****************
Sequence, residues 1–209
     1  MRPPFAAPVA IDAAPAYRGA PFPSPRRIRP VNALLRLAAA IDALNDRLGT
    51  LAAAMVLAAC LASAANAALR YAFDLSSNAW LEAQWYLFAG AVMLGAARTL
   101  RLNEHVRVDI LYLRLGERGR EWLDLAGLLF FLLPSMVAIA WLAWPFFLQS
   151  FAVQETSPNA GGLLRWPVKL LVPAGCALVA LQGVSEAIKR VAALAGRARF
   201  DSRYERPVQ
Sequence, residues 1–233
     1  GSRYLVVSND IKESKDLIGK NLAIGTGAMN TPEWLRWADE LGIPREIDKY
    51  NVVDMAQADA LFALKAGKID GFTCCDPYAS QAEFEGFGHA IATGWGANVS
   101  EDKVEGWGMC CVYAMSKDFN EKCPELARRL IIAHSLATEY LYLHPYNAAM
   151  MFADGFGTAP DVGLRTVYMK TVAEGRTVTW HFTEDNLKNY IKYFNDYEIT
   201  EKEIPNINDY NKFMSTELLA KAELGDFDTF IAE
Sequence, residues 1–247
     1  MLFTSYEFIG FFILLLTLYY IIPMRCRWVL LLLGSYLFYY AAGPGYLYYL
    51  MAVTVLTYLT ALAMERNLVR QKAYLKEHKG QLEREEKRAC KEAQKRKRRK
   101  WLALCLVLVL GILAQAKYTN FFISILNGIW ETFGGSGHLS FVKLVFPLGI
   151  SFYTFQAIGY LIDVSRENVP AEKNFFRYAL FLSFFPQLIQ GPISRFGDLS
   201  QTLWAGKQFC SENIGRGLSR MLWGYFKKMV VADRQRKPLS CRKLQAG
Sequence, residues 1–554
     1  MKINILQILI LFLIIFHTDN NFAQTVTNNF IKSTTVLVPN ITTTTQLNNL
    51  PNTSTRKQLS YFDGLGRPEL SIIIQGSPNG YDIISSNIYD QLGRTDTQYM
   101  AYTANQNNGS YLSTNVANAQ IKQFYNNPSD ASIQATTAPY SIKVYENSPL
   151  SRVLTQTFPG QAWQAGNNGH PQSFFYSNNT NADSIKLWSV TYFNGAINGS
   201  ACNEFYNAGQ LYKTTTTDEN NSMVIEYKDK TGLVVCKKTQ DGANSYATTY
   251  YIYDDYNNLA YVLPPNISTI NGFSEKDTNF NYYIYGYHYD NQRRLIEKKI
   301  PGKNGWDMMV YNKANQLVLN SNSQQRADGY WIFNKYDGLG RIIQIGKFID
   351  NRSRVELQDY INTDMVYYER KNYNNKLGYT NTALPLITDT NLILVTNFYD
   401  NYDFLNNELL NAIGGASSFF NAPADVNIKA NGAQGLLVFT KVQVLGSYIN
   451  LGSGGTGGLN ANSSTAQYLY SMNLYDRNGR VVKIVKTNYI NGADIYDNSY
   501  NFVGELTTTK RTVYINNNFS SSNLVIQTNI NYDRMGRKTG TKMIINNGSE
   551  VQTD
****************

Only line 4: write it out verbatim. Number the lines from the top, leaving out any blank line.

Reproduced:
   101  RLNEHVRVDI LYLRLGERGR EWLDLAGLLF FLLPSMVAIA WLAWPFFLQS